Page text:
The government is already building modest, prefabricated homes for transit camps for some of the estimated 40,000 people displaced by this year’s flooding.
In 2018, the city of Durban identified growing informal settlements as a major challenge in the city’s response to climate change. And after the flood of 2019, the city presented a plan that calls for creating more renewable energy sources, reducing car transport and making informal settlements climate resilient.
Tafadzwanashe Mabhaudhi, professor of climate, water and food systems at the University of KwaZulu-Natal, said that despite these commitments, city officials are still not doing enough to combat the devastating consequences of climate change through economic and social development.
Creating job opportunities in various parts of the country can alleviate the desperation that drives some people to stay in informal settlements, which are often the only places they can find accommodation in crowded cities with most jobs.
Mr. Lushaba’s family own a campus in Uzumbe, a rural community an hour south of Durban, with three rondavels standing next to a four-room house made of concrete blocks.
But with no job prospects in the area, he left in 2008 to move into a tin cottage in Durban, where his mother has lived since 1996 to do household chores. Like many people in a country where the unemployment rate is now over 35 percent, Mr. Lushaba was unable to find a regular job. He occasionally works as a security guard in a nearby community.
In 2009, Mr. Lushaba was reinstated when local leaders used a state law to remove slum settlements from the eyes of World Cup visitors. He is desperate for a job to rent a permanent home and is losing hope that the government will honor its commitment to provide a home.
“They’re telling us we just have to wait our turn,” he said. “Government always makes many promises but never comes back to make it.”
The land below Mr. Lushaba’s transit camp in Isipingo county was once a wetland buffer for the neighboring Sipingo River, he said. Box-like, low structures, with a maze of muddy passages between them. Black wires carrying the unauthorized electrical connections that residents have connected to them are spread around the sidewalk.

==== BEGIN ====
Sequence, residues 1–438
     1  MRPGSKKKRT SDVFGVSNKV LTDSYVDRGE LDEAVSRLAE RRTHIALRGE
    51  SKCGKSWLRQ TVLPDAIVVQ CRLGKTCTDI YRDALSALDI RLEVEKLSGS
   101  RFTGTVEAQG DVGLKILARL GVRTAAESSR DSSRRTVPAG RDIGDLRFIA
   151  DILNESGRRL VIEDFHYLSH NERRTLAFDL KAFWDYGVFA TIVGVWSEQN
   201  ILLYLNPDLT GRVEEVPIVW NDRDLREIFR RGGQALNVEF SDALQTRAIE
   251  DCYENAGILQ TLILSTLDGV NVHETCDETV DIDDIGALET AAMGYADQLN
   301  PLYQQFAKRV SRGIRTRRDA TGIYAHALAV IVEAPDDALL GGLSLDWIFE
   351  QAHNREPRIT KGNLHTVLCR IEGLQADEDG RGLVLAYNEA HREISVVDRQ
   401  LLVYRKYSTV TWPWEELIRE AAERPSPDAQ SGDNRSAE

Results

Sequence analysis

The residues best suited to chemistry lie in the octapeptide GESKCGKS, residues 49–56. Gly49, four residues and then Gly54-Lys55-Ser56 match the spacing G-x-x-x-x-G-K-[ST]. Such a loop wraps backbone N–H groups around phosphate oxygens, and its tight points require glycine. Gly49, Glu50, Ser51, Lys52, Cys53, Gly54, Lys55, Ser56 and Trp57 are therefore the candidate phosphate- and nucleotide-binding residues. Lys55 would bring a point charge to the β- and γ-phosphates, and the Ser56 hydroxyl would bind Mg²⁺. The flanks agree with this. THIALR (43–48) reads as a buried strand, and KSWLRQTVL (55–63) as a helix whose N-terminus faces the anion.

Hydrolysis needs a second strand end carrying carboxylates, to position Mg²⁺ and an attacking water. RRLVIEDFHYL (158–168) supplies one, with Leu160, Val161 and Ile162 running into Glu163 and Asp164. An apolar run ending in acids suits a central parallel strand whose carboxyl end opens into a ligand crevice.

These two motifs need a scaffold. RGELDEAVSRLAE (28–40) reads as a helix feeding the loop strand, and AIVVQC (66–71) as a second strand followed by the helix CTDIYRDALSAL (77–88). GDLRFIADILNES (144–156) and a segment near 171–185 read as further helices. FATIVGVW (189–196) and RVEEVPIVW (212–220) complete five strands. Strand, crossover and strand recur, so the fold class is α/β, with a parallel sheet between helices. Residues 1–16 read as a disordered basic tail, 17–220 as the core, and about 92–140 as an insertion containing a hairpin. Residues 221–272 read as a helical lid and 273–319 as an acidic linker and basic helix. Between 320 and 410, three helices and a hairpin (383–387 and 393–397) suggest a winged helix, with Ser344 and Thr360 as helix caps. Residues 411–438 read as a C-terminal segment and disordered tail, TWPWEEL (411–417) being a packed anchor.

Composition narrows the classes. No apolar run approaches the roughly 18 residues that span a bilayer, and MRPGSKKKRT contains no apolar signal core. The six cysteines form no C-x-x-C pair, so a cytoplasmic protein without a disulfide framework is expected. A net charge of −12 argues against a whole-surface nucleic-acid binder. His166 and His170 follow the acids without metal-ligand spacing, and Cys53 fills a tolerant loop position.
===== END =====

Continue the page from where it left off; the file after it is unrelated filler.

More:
Mr. Lushaba said in 2011 the camp had been flooded for the first time in two years since he moved to the camp. It happened again in 2017 and 2019 and now last week. Residents go through the same ritual each time: They ascend to higher ground, allow the water to descend, then rake the mud in their one-room home and have to identify which items can be salvaged and which need to be discarded. out.
Scenes like this were playing in the area this week. In the town of Inanda, north of Durban, in a neighborhood of concrete block houses under a collapsed bridge, a house where four family members are believed to be buried has been left with a pile of mud, broken trees, mattresses and other furniture.
On Tuesday, Mr. Lushaba and his girlfriend put a light blue mattress on a sofa they had set up in front of their house. Shoes, fans, and other items were left to dry on the corrugated tin roof of their house.
“It pains me to stay here,” he said. “Everywhere is dirty.”
Ravi Pillay, state director for economic development, said Mr. Lushaba’s complaints were understandable.
“I don’t think it was located in a bit of a low-lying area,” he said of the Isipingo transit camp. “At the time, there was no appreciation of the flood risk we have now.”
Still, some wonder whether government officials even now have the authority to act with the necessary urgency.
According to Hope Magidimisha-Chipungu, associate professor of urban and regional planning at the University of KwaZulu-Natal, about a quarter of the eThekwini population lives in informal settlements. Local planning officials, unable to keep up with the rising demand for housing, wrote an email response to questions.
“If measures are not taken to reduce the effects of flooding in the future, the port city is heading towards a very bleak and disastrous future,” he said.